On July 30, Aggarwal launched a poll on Twitter asking how potential customers would like their deliveries.

On July 2, Ola had also released a promotional video that showed Aggarwal taking a test run on the scooter in Bengaluru.

“Ola has already created a buzz in the Indian market with its ‘Future Factory’ and its production plans,” said Bakar Sadik Agwan, senior automotive analyst at London-based data analytics firm GlobalData. “With regards to technical specifications of its upcoming products, Ola is likely to offer best-in-segment features and is well-positioned to create a niche in the Indian market.”

Once ready, Ola’s Future Factory, being built in the southern state of Tamil Nadu, is set to start operations in 2022. The company has claimed this will be the largest scooter factory in the world and will have 10 production lines, while will roll out one scooter every two seconds, taking the total annual output to 10 million. This will be 15% of the current total two-wheelers capacity globally.

On July 15, when the scooter was opened for pre-registration with a nominal charge of Rs499 ($7), the company received over 100,000 bookings.

However, beyond the initial excitement, Agwan said it might be too soon to say if Ola’s EV bet will sustain the positive momentum in the long run. “The company is fairly new, and its products are priced at a premium. Cost of acquisition is set to have a high weightage in factors that would decide sales volumes,” he said.

What we know about Ola’s electric scooter so far

Ola has shared several details about the scooter to entice buyers.

For instance, the company has said the scooter can be charged at home using any 5A socket and through Ola Electric Charging Network, which is currently spread in over 100 cities across India. This is an important aspect given that EV adoption in India has been slow so far because of the lack of charging infrastructure.

In addition, Ola has said the scooter will have two variants: S1 and S1 Pro, which will be available in 10 colours. The details about the variants are not yet known.

While the company will likely share these details on Aug. 15, it’s expected that the scooter will have a driving range of 150 km and will also come with connected technology and a touchscreen.

But the promotion by the company and its CEO has so far have skipped the most important detail: the price.

The company has assured customers that the scooter will be “competitively priced.” For a price-sensitive market like India, that could be a major factor in deciding the success of the vehicle.

Industry experts believe that to be a market leader and to maintain the pre-booking momentum, affordable pricing is crucial.

“Affordability is one of several major criteria that can enable or discourage e-scooter use/adoption. It is also important to consider appropriate business models (individual ownership, rental, subscription, pool, etc.), as well as regulatory constraints that may be imposed by various governmental jurisdictions: local, community, city, county, state, etc,” explained Richard Simmons, director of the energy, policy, and innovation centre at Georgia Institute of Technology.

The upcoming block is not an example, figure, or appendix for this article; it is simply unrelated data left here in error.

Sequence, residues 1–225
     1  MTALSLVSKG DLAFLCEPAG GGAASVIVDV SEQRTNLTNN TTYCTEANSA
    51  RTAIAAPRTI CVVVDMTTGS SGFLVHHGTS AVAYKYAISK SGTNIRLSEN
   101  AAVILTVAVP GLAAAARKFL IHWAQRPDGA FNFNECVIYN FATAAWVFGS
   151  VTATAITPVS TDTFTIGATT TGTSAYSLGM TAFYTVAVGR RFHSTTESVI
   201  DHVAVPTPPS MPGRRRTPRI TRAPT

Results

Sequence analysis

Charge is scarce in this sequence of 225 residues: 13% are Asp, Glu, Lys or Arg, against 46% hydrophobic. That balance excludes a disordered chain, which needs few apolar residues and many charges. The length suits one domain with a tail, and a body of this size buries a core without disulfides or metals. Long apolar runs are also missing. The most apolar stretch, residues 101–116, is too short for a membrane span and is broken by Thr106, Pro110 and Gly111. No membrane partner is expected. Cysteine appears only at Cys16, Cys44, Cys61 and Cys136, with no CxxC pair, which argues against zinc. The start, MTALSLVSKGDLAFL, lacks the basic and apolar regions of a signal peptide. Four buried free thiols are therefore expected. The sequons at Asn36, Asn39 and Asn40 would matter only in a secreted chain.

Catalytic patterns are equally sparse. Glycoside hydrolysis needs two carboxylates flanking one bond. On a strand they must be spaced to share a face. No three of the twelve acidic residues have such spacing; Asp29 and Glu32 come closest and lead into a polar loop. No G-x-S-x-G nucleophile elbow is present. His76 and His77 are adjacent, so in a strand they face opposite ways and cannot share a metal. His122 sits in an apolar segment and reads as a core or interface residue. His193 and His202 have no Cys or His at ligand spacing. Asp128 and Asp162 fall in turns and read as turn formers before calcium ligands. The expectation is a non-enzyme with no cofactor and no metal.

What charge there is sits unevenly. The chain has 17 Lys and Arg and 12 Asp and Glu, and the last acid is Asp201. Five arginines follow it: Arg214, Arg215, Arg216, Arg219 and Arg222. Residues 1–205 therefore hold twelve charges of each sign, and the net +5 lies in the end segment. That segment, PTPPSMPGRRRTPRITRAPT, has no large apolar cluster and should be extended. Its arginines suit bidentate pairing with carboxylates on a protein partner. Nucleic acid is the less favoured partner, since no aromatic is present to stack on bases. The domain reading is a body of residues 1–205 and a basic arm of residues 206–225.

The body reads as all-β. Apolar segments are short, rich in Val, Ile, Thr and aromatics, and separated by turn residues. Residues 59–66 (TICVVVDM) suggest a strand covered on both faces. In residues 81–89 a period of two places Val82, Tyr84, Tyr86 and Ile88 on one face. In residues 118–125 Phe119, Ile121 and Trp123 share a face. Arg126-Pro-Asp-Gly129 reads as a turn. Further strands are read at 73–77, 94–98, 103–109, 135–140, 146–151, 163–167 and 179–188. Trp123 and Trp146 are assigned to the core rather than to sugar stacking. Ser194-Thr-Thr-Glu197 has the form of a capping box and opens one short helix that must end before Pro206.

There are expectations that Ola will price the scooter below Rs1.5 lakh ($2,014.6) to take advantage of the Narendra Modi government’s scheme for EVs, which could provide the company with a subsidy of around Rs50,000.

Ola’s future success hinges on many factors, but there are reasons why Indians must adopt electric two-wheelers.

The future of electric scooters in India

India is the third-largest carbon-emitting nation globally, with 22 of the world’s 30 most polluted cities.

The country is also the world’s largest two-wheeler market, and these vehicles—the largest vehicle class in India—are responsible for 20% of the total carbon dioxide emissions, as per Anindya Ghose, the Heinz Riehl professor of business at New York University. “Therefore, the market for two-wheelers ripe for disruption by electric scooters,” Ghose said.

At present, EVs merely constitute 1% of the total two-wheeler sales in India. In 2020, there were just 150,000 electric scooters and bikes sold in India. But experts estimate the segment will grow to over one million by the end of 2025.

There are various factors—some clear roads and others uphill climbs—that will affect the course of India’s EV adoption:

The timing of the launch of Ola’s scooter couldn’t be more perfect, considering the current environment in India for EVs. However, time will tell if the company’s vehicle will be able to survive the long drive or not.

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